A crow was sitting on the railing looking as if it wanted something. I propped myself up and said, “Good morning, what are you doing here?” To which he replied, “Caw!” and promptly flew away.

I got up to take a look and saw a lovely yellow parakeet, clearly frightened and distressed, sitting on the balcony floor. It watched me as I closed the windows, but beyond that, it didn’t move.

Little yellow parakeet

Little yellow parakeet

After breakfast, I went back to check on it and when it saw me this time, it tried to fly up to the air conditioner, but it wasn’t able to get enough lift, and ended up landing in a corner, thankfully obscured by any passing predator birds. I left it alone so it could hopefully regain its strength, and I got ready for work. When I checked again about an hour later, it had gone.

I think it may have been a caged parakeet, as I’ve seen many of those here, and I didn’t find this particular one in my Birds of Kerala book (by C Sashikumar, Praveen J, Muhamed Jafer Palot and PO Nameer).

Except for the color, it reminded me of the parakeet my sister and I had as children. Ours was green and so we named her Kelly. While her cage was covered at night when she slept, during the day, our mother let her out.

Kelly had a small rug at the bottom of her cage with a Ferris wheel and other toys. She used to fly to the top of the Ferris wheel and ride it down. She would fly through the house, perching where she felt safe, but her favorite spot was on top of a lamp shade on a dresser in our parent’s bedroom. Here, she could look at herself in the mirror and say, “pretty bird.” She had quite a vocabulary, but her words had an interesting lilt to them thanks to our English mum.

One day, Kelly got out and was flying around the neighborhood. We had everyone calling to her, trying to get her to fly down and land on one of our outstretched fingers, but she seemed to be enjoying her freedom. Our mother said she would come back home before dark because she had no other home to go to. So, we put her cage on the front porch with the door open and sure enough, as afternoon faded, she flew back ‘home.’ We closed the door and took her back inside and she never ventured outside again.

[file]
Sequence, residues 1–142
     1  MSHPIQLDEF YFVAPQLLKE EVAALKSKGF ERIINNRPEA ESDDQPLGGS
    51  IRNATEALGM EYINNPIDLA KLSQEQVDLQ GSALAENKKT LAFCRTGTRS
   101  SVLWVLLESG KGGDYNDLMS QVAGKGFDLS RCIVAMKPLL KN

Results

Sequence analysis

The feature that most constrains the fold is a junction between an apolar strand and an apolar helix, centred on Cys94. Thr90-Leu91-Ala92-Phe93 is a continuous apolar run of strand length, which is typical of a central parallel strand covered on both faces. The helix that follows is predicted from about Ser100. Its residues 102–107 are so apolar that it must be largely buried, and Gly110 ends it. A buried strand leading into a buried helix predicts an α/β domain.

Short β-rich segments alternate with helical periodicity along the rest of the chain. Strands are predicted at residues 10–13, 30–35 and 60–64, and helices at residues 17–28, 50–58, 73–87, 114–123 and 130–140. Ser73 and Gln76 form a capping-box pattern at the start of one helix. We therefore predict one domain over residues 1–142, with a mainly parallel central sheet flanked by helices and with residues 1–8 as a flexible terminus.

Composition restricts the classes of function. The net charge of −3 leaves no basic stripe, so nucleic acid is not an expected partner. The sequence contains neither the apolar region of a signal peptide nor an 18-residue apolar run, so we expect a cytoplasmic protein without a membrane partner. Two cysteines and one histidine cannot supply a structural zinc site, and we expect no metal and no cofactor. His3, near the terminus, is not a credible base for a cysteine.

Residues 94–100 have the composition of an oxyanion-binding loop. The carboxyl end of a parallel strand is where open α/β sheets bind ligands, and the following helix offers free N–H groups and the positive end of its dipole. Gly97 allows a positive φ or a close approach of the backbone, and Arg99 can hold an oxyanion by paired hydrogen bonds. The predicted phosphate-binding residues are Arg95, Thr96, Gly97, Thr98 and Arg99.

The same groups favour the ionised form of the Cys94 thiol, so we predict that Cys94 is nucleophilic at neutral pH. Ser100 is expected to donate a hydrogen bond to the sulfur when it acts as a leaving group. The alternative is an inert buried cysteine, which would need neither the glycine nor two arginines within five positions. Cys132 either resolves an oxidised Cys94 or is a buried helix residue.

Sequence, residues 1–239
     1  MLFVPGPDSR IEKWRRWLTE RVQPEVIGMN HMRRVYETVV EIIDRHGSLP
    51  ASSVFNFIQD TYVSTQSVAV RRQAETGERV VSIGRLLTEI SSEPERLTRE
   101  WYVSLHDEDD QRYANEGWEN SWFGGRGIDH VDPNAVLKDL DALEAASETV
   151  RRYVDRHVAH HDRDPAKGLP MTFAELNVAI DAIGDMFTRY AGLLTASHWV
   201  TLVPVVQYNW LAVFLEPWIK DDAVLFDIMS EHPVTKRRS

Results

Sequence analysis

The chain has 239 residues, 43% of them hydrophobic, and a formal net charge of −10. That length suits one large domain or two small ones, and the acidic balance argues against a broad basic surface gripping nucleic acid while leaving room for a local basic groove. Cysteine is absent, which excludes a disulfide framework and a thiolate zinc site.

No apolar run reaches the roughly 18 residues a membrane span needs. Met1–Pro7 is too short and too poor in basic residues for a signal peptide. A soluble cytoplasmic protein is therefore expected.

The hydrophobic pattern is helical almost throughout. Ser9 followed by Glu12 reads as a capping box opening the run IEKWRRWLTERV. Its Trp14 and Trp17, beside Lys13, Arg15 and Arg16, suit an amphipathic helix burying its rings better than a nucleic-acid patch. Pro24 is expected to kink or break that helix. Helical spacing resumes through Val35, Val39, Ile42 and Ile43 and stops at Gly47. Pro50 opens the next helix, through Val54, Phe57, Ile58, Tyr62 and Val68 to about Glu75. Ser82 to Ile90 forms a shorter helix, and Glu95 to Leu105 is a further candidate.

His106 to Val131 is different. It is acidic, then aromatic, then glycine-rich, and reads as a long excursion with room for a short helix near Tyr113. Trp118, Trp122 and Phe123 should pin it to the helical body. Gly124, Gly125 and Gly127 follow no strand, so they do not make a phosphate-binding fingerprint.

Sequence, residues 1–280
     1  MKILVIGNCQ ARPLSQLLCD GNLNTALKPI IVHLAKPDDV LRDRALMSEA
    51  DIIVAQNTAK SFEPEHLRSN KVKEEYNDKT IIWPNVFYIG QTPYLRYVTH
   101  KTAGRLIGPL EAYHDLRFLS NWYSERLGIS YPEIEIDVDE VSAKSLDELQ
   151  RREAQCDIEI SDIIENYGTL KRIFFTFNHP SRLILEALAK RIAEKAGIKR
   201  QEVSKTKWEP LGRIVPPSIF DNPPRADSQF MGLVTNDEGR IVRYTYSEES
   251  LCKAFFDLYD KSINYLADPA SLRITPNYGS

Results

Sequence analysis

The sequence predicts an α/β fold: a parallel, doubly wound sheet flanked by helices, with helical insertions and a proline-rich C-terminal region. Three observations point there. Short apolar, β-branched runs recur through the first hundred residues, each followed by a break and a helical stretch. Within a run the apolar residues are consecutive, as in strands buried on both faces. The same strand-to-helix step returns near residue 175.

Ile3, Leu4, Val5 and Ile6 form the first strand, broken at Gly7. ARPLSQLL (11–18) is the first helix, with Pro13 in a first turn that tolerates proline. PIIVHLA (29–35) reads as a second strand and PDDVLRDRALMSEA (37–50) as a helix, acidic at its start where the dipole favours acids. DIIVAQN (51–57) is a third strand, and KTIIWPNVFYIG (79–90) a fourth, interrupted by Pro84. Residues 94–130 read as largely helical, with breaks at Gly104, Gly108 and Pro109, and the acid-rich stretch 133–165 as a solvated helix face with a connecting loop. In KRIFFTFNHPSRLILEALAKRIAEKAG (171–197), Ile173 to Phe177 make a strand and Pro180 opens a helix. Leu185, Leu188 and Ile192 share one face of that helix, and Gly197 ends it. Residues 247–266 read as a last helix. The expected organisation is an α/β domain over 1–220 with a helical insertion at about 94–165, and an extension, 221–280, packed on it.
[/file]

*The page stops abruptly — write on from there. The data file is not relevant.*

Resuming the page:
In my mind, I see this little yellow parakeet flying back ‘home.’ After its experience with the crow, I’m sure it was missing the safety of its cage.

The Birds of Kerala is a very large book, filled with amazing birds of all kinds with long tails and bright colors. Many of them are marked as vulnerable, threatened, near endangered, or endangered. Some are near extinct with dates from when and where one was last seen.

I doubt I’ll see many of the birds from this book, but I do see quite a few water birds and one magnificent Brahminy Kite that presumably lives nearby at the Mangalavanum bird sanctuary and frequently flies over the waters near my flat.

I first saw these amazing raptors last summer at Alleppey and thought they were Eagles because of their bright white heads. I was told they were Hawks, and while they are listed in a category with Hawks and Eagles, the Birds of Kerala shows them as Brahminy Kites. They have beautiful rust colored bodies, with black triangles on their wing tips. I can see the triangles clearly on the one that glides below me on the wind currents.

Brahminy Kite

Brahminy Kite

I’ve had the pleasure of seeing a whole row of Bee-eaters sitting on a wire, and beautiful Small Blue Kingfishers that look nothing like those in the Northeastern US. Each night at dusk, Swallows fly outside my office window catching mosquitoes. (I’d like to invite them in to take care of the pesky ones inside my office!)

Birds on a wire (Blue-tailed Bee-eaters)

Birds on a wire (Blue-tailed Bee-eaters)

The other night, I dreamt about a magnificent bird with iridescent blue feathers and a very long tail. Upon waking, I looked through the Birds of Kerala to see if I could find it, but it wasn’t there. I guess that’s what I get for reading Dr. Seuss before bedtime.

Today the Brahminy Kite was back with a friend. It must be mating season in Kerala.

Birds I’ve spotted and have been able to identify:
Little Cormorant, Little Egret, Median Egret, Cattle Egret, Indian Pond Heron, Black-crowned Night Heron, Black Kite, Brahminy Kite, Western Marsh Harrier, Common Sandpiper, Brown-headed Gull, Black-headed Gull, Tern (not sure which one), Small Blue Kingfisher, Blue-tailed Bee-eater, Common Swallow, Large Pied Wagtail, Red-whiskered Bulbul, House Sparrow, House Crow and many, many Pigeons — but not as many as in Rittenhouse Square.

Captured in flight

Captured in flight

GaGa over LuLu

No, not the Lady! As a matter of fact, no celebrity was necessary to bring out the crowds for the grand opening of the LuLu Mall in Cochin, Kerala. Touted as the largest mall in Asia, LuLu opened on 10 March.

On a Sunday afternoon, in a wild and crazy moment, Aswathi, Megha and I decided to go see what it was like. Hey … we did wait a week! But, clearly, we needed to wait a LOT longer!

LuLu has shops on five floors with a total size of 3,900,000 square feet. It has a cinema complex, a 5,000 sq ft ice skating rink, a food court that includes a dozen a half ‘kitchens’ plus three fine dining establishments and parking for 4,800 cars. All of the parking spaces were taken when we got there!! Ha, ha … no wait, I’m not kidding!

It took us about five hours to get in and get out. We were probably in the mall a total of 45 minutes. Most of our time was spent sitting in the car waiting for the traffic to move so we could just get to the corner to make the turn. Aswathi pointed out that many of the cars had license plates that identified them as coming from outside of Kochi.

The entire experience was really just too funny! We kept saying things like, “Aswathi, we’ll just get out here and walk the rest of the way. When we come out, we’ll easily find you because you’ll still be right here.”